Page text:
Simpson’s festive
baby has turned 60

Alfreda and Les Wilson with Lady Provost Ella Miller. Picture: Gordon Fraser
Alfreda and Les Wilson with Lady Provost Ella Miller. Picture: Gordon Fraser
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AN artist who was the first Christmas baby to be born at the Simpson Memorial Maternity Hospital has celebrated his 60th birthday.

Les Wilson was born on December 25, 1953, to parents Stewart and Alfreda Wilson, who came from Musselburgh.

His creative career has seen him produce portraits of the Queen and Duke of Edinburgh and of Sir Sean Connery during one of his return visits to his home city.

Les’s mother had been a midwife at the hospital from 1951 to 1953 and during that time it had been her dream to help deliver the first Christmas baby at the Simpson.

She never got to fulfil that wish during her spell there and after leaving the hospital she got married in March 1953.

As fate would have it, however, Mrs Wilson soon became pregnant and proclaimed to her former colleagues that she would be the one to deliver them their first Christmas baby. Nine months later, on Christmas Day, Les was born.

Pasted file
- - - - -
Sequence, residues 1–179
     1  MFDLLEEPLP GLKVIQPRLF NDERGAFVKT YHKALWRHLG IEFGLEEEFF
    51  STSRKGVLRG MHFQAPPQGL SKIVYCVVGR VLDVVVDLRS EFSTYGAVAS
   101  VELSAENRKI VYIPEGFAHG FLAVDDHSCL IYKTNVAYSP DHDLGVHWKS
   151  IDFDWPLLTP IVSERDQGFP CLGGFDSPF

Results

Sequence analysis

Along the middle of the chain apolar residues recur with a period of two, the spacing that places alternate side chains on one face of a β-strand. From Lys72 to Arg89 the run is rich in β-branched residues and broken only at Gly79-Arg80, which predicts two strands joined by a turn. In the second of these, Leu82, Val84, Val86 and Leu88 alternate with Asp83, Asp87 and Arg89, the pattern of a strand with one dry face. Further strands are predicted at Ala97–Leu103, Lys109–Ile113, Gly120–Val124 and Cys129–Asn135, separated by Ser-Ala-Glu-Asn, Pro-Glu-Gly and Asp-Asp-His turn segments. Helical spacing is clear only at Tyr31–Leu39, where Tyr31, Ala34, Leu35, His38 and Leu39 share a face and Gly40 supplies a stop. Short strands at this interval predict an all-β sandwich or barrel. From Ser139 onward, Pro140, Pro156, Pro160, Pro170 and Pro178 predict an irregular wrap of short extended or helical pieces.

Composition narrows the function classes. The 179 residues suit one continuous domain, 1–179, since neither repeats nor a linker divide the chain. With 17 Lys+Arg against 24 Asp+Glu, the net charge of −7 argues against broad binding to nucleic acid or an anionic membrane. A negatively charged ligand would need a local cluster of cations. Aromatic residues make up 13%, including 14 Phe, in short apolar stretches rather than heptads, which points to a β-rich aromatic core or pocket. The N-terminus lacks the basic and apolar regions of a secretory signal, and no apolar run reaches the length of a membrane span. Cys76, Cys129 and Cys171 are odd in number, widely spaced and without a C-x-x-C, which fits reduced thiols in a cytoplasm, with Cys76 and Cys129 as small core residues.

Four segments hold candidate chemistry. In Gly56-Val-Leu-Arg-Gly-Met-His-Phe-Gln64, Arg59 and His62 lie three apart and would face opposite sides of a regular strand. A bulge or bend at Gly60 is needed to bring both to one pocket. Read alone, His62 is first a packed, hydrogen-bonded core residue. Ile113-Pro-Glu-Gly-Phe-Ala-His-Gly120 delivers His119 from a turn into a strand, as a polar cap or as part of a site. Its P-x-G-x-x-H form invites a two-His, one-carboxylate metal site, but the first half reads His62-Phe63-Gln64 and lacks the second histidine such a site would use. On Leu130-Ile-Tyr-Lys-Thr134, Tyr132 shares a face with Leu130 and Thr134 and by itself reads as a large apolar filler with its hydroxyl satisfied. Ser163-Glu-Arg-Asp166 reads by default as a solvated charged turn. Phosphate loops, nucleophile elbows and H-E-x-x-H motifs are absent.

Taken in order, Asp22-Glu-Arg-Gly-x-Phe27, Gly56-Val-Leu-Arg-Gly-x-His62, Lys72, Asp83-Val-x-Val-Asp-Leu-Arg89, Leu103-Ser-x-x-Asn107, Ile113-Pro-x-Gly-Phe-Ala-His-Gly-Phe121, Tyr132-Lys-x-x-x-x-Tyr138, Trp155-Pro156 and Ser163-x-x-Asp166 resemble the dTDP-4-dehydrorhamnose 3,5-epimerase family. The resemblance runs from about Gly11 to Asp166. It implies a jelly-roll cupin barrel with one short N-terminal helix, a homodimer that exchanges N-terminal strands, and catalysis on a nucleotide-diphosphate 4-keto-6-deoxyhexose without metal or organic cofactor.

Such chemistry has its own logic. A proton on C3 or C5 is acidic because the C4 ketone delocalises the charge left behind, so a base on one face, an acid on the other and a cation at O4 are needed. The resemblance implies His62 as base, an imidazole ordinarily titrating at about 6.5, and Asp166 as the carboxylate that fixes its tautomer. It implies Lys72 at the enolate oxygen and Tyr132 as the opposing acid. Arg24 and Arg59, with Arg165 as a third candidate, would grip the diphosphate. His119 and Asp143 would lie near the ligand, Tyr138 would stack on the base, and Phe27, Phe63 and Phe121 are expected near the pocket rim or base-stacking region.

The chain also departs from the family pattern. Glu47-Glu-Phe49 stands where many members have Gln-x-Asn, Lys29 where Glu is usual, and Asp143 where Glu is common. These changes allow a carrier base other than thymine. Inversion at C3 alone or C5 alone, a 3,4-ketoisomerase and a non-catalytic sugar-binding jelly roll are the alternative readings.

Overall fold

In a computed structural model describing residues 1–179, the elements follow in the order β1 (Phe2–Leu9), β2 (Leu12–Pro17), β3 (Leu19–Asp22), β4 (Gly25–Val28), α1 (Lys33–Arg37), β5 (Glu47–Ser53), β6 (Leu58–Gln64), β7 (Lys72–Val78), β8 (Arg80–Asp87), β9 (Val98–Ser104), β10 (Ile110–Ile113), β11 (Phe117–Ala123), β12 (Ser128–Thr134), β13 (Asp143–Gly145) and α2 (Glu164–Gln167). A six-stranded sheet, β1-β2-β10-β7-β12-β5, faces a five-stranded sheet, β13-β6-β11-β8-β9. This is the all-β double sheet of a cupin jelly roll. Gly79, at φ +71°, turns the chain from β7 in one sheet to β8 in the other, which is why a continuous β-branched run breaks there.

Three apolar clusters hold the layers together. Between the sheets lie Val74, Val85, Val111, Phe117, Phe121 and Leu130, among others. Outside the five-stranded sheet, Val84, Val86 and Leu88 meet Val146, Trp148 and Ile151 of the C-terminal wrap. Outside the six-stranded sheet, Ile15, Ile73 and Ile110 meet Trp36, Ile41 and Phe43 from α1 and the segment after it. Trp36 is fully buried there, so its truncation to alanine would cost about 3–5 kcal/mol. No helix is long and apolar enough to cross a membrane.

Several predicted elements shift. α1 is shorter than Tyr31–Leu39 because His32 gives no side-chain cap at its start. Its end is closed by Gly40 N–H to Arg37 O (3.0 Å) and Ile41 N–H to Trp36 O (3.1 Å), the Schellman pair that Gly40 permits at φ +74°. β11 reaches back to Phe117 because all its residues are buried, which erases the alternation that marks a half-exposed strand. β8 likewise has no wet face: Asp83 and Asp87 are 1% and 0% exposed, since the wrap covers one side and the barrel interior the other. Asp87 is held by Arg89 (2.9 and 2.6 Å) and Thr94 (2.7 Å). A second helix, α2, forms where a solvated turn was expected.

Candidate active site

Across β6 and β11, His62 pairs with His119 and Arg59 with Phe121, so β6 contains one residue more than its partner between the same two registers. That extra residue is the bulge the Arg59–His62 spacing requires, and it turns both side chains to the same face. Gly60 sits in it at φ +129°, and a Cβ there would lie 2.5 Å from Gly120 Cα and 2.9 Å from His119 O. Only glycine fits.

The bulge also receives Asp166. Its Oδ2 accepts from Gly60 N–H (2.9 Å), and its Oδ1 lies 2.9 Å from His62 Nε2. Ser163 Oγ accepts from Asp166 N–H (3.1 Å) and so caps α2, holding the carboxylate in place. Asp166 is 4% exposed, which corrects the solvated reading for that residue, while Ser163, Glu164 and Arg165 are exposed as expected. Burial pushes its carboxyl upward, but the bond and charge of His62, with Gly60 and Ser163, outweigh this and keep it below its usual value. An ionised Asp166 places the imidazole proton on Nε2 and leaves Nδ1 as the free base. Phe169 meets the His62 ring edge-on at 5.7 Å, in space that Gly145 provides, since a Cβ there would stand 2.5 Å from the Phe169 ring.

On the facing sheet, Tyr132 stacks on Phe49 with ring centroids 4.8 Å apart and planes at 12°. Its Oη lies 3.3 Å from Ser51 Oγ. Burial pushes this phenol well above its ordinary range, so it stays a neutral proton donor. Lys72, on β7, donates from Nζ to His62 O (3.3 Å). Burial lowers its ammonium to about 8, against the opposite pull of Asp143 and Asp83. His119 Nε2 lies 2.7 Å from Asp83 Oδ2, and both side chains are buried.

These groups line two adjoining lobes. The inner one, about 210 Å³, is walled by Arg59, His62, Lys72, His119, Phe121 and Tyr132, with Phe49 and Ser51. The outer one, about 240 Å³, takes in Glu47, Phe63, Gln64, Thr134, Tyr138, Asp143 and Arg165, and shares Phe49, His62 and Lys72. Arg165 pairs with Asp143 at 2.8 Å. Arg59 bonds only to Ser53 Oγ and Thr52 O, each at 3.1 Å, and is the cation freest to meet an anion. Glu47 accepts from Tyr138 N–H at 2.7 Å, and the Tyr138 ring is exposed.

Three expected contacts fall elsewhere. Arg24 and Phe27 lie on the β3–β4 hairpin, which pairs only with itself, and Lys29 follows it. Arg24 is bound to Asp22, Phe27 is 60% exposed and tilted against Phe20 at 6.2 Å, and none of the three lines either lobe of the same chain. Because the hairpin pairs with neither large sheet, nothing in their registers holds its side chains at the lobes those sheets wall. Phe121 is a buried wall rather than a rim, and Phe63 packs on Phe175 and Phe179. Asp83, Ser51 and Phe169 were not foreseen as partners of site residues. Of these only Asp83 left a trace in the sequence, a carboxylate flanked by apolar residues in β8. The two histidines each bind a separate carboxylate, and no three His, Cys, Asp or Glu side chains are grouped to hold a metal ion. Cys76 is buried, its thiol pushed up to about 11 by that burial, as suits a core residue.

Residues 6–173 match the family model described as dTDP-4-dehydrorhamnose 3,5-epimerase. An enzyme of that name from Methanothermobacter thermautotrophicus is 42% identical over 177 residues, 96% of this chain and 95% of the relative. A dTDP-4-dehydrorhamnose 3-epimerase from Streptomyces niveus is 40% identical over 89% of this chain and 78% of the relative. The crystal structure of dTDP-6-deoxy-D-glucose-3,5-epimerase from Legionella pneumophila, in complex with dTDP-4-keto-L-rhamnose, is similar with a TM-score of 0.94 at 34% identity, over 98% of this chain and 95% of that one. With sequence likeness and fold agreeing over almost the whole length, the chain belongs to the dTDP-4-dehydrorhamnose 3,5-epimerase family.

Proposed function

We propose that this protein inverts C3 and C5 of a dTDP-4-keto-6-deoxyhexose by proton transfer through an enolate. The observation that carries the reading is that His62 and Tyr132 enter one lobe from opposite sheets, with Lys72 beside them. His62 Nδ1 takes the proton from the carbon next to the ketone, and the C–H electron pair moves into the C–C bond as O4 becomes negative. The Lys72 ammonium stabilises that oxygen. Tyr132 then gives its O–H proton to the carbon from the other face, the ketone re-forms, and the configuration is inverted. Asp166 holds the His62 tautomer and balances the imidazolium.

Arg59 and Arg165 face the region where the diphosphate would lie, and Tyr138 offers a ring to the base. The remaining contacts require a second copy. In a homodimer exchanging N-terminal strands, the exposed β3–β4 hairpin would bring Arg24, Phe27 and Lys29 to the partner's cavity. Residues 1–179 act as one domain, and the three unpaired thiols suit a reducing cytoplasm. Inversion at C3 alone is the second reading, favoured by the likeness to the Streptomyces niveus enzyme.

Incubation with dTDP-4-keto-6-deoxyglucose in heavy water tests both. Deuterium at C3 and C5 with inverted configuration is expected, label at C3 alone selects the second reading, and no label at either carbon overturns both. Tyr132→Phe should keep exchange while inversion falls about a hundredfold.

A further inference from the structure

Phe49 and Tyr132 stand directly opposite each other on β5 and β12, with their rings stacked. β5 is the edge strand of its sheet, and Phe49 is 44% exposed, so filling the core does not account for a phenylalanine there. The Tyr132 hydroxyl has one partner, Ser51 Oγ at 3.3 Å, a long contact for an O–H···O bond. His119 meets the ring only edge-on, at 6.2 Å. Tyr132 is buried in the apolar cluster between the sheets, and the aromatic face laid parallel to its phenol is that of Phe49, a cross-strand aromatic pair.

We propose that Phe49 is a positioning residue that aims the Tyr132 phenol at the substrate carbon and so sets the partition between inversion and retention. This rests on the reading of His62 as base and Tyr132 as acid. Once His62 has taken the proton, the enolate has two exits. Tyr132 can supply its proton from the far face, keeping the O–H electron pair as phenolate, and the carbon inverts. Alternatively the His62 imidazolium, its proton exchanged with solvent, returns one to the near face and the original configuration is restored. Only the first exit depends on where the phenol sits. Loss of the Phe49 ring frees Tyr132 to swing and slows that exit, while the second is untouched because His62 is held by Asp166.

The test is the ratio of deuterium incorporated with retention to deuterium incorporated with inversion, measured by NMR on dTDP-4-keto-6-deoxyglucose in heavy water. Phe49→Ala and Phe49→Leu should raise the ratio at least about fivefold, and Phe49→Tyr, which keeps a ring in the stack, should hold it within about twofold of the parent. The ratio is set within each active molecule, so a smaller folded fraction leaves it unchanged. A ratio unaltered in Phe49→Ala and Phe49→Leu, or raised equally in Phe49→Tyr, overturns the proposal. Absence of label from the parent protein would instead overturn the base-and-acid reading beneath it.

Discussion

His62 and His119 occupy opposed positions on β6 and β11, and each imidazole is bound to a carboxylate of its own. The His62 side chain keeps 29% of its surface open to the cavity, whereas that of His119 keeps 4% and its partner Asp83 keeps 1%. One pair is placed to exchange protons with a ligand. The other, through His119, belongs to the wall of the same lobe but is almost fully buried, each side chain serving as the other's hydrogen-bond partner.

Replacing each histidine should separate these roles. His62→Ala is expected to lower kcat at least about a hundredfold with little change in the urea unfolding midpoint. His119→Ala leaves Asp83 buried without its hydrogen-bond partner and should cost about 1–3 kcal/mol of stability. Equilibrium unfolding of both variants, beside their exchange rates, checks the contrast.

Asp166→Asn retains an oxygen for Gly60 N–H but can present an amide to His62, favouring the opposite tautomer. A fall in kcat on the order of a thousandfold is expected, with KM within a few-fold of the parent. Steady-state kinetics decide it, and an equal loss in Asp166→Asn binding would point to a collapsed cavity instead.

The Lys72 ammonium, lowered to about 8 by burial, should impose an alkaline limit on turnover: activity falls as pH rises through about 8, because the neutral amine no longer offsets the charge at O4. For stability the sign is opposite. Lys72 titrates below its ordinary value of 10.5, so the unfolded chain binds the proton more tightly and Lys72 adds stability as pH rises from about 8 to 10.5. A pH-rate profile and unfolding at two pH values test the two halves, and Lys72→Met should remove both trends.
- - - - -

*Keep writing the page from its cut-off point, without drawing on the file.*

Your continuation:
A complicated birth, she vividly remembers how the medic in charge, Dr John Kerr, a man she formerly worked with, arrived at the ward still dressed in his dinner jacket.

She was subsequently presented with the Coronation Silver Cup by the Lady Provost of Edinburgh as a keepsake of her achievement.

It is a memory she cherishes to this day.

Mr Wilson had a typical childhood, leaving school at the age of 16 to join the army, serving with the Royal Artillery.

His creative talents were what pulled him in the direction of becoming an artist in his own right.

Through his own initiative, he developed a unique form of art which saw him become well known for his intricate leather work.

Using leather as his canvas, Mr Wilson masterfully dyes the material, and produces a wide array of different items from handbags to signs, handicrafts and paintings.

His work has been displayed in the famous Jenners department store and Whitworth Gallery in Manchester.

His portrait work has also been widely acclaimed, not least in royal circles when he produced an image of the Queen and Prince Philip.

He also made a particularly intricate and beautiful portrait of Scotland’s bard, Robert Burns.

A passionate and hard worker, he dedicates most of his time to his art, leaving him little time for anything else. He recently opened a small gallery, which is located in South Clark Street.

Due to his birthday coinciding with arguably the biggest holiday of them all, Mr Wilson – who is divorced and has no children – has never been keen on making too much out of his big day.

His recent 60th birthday – and Christmas Day – were celebrated in low-key fashion at his home in the city, where he cooked a meal for his family.